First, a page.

Faisal Shahzad, the Connecticut man accused in the Times Square bombing attempt, became a naturalized U.S. citizen last year shortly before traveling to his native Pakistan, law enforcement officials said.
Shahzad -- who reportedly has a home in foreclosure -- is said to be is talking to investigators and implicated himself in the plot, reportedly telling police he acted alone, sources said.
Shahzad confessed to buying an SUV, rigging it with a homemade bomb and driving it Saturday night into Times Square, where he tried to detonate it, according to court papers.
In Connecticut, a picture of the man is slowly beginning to emerge.
Shahzad became a U.S. citizen in April 2009 and passed all the criminal and national security background checks required for citizenship.
Other law enforcement officials familiar with the inquiry say investigators plan to go through his citizenship application line by line to see if he lied about anything. He became a citizen in Hartford, Conn.
Court records show he defaulted on a $200,000 mortgage on his Shelton home and the property is in foreclosure.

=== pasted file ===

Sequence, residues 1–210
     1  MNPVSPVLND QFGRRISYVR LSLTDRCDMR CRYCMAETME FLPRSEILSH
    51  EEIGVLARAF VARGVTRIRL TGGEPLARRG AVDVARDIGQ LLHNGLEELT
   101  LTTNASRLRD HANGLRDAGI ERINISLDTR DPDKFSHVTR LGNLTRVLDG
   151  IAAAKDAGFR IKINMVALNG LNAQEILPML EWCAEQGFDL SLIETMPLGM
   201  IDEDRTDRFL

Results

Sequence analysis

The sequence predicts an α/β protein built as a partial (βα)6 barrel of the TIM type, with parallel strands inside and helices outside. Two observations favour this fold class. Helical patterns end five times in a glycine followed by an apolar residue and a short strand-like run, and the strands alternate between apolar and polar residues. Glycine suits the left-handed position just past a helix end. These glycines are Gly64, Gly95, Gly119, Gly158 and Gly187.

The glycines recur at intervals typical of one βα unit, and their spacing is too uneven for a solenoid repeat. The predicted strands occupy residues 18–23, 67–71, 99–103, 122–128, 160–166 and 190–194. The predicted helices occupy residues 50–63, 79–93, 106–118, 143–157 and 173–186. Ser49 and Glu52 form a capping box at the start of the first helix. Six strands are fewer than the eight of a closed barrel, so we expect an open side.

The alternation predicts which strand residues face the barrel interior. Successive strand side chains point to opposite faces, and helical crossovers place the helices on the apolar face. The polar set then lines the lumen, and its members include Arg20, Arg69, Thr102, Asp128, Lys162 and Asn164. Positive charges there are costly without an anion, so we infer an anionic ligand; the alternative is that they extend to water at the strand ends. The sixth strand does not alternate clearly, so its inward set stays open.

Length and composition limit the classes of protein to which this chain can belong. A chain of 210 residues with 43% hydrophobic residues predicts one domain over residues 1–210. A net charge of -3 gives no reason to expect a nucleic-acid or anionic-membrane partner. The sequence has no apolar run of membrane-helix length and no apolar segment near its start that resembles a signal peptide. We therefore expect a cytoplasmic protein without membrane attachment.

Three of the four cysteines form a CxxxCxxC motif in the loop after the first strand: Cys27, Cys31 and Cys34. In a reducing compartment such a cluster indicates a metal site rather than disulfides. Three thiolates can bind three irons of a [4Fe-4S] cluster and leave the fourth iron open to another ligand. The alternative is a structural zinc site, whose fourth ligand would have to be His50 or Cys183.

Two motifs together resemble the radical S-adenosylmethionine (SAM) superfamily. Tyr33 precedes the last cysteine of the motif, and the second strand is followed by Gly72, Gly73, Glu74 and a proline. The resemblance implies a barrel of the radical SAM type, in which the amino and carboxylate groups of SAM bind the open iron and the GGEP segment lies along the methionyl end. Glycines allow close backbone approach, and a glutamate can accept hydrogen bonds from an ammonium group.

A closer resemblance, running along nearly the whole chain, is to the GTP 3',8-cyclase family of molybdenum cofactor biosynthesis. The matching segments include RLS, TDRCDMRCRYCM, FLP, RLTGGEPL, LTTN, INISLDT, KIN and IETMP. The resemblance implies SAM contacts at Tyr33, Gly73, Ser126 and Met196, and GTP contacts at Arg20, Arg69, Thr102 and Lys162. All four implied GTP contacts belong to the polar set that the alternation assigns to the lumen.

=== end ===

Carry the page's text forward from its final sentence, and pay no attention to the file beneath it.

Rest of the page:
The Associated Press has obtained records that show that Chase Home Finance LLC sued Faisal Shahzad in September to foreclose on the home.
On Tuesday morning authorities were at the two-story grayish-brown colonial which looked as if it had been unoccupied for a while, with grass growing in the driveway and bags of garbage lying about.
The foreclosure records show Shahzad took out the mortgage on the property in 2004, and he co-owned the home with a woman named Huma Mian.
The foreclosure case is pending in Milford Superior Court.
The Associated Press left a message on Tuesday with an attorney for Chase's law firm. The records show Shahzad and Mian didn't have lawyers for the case.
Neighbors offered diverging descriptions of Shahzad but agreed that he kept to himself.
Brenda Thurman said Shahzad had told her husband he worked on Wall Street, while another neighbor, Audrey Sokol, said she thought he worked in nearby Norwalk.
Thurman, 37, said he lived in Shelton with his wife and two small children until last year.
"He was a little bit strange," she said. "He didn't like to come out during the day."